Forwarding does not break DKIM signing unless the forwarding server(s) modify the signed headers or body. The canonicalization (c=...) choices in the DKIM-signature header(s) affect whether strict or relaxed algorithms are used for the signed header fields and message body. So the choice of relaxed or strict canonicalization and modifications by the forwarding server can affect DKIM authentication (and so DMARC authentication). Microsoft outlook.com/hotmail.com and other email servers are known to make changes to forwarded messages which can cause DKIM to fail, especially if the canonicalization is set to strict/strict by the sending email server.

The bottom line is that DMARC is being implemented by many domains and email systems where you might read your messages. As more and more organizations worry about spam and spoofing messages, you will see policies becoming more strict. Here are the main factors affecting success receiving email affected by DMARC:
  • The DMARC and SPF policies and DKIM key(s) in the DNS records of the From domain in the message.
  • Actions by the sending server:
    • The outgoing server IP address matching the published SPF allowed sending servers.
    • Proper DKIM signing and the choice of strict or relaxed canonicalization.
  • If the message is directly sent to the destination without forwarding, then as long as the sending and destination systems follow the standards both DKIM and SPF should pass with proper alignment, so DMARC will pass and the message will be delivered with fully passing authentication.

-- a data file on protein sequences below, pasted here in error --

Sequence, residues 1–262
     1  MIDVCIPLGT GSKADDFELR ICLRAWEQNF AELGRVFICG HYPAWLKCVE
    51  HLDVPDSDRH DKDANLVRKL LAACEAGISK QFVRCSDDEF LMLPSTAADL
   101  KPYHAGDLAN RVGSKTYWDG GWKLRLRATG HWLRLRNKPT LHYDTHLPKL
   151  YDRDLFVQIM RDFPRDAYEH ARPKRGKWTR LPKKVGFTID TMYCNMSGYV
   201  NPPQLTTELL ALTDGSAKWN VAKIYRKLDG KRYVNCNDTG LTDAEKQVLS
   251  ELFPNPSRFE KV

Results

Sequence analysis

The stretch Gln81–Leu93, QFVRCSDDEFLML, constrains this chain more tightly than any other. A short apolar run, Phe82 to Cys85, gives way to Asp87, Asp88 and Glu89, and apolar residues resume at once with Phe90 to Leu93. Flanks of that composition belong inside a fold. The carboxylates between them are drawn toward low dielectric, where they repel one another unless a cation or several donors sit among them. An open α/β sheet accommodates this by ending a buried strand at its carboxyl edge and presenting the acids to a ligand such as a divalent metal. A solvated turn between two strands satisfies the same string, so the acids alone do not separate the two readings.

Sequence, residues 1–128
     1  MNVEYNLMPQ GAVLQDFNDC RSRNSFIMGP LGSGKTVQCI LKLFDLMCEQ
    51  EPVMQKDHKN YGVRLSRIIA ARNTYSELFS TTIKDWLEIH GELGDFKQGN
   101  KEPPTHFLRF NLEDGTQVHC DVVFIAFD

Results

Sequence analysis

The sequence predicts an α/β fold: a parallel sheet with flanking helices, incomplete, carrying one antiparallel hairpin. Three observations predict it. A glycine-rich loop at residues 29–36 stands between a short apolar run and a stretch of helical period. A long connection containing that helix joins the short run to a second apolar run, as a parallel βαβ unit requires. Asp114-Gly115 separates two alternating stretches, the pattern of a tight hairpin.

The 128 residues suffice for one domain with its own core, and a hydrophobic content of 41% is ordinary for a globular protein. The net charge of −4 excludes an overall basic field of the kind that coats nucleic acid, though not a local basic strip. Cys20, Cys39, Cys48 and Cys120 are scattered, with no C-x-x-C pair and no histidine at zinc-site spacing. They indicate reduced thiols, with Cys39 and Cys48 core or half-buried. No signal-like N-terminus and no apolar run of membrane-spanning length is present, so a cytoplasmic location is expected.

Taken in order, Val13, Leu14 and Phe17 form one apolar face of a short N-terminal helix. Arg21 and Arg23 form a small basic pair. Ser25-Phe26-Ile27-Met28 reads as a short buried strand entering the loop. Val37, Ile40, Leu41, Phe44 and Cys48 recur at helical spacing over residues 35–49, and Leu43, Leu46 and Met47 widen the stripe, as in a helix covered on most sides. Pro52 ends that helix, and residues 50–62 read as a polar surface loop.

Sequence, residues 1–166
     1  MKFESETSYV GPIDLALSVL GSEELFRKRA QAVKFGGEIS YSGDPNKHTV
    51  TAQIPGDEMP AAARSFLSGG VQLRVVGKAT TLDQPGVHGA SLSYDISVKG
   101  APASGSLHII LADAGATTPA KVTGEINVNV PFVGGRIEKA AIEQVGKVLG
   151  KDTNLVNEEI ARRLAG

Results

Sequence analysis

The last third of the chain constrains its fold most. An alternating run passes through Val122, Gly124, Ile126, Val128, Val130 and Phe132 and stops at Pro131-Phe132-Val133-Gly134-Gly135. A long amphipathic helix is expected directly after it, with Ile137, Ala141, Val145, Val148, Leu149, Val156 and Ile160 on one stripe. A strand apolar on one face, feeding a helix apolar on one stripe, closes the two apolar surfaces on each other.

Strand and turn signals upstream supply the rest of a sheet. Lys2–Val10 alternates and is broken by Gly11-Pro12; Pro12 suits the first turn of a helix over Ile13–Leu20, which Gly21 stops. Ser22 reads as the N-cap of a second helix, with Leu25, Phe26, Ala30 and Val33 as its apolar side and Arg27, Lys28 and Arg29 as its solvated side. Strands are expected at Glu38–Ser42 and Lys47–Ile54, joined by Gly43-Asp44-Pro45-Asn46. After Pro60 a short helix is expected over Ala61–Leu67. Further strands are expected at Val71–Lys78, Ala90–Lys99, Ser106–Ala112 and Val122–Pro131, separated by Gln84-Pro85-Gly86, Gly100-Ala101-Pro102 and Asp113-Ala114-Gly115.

• But if the message is forwarded:
    • SPF will not be aligned by DMARC standards, so SPF authentication will fail.
    • DKIM might pass or fail, depending on the sender relaxed or strict canonicalization choices and how the forwarding system modifies the headers and body.
    • This means that DMARC will sometimes pass and at other times fail, depending on the sender choices and forwarding server modifications to the message.
I apologize that this post is so long and complex. But email users need to understand that the recent spam/spoofing prevention techniques (SPF/DKIM/DMARC) are affecting the delivery of your messages, and this has nothing to do with "spam filters" based on message content. Here are some suggestions:
  • Only send messages using sending servers authorized by the From domain of the message. Don't send a message with your Gmail or Yahoo address in From using your ISP or some other sending system. If you are using an email client (such as Thunderbird or Outlook), be sure that the SMTP outgoing server you use is appropriate for the From domain.
  • Don't forward critically important messages. Expect forwarding though some services (such as hotmail/outlook) which corrupt DKIM signing to often fail.
Bill
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Old 10 Apr 2017, 07:44 AM   #7
TenFour
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As far as I can tell nothing has gone missing that is being forwarded from Outlook.com, Namecheap, and other domain registrars except for emails that are trapped by the over-aggressive spam filters of Outlook. So where does this leave a service like the Basic level of POBox.com that forwards emails to another address? Am I wrong that if you select to "send as" from Gmail for the service you are forwarding from that Gmail will then not block other forwarded emails coming back from that service?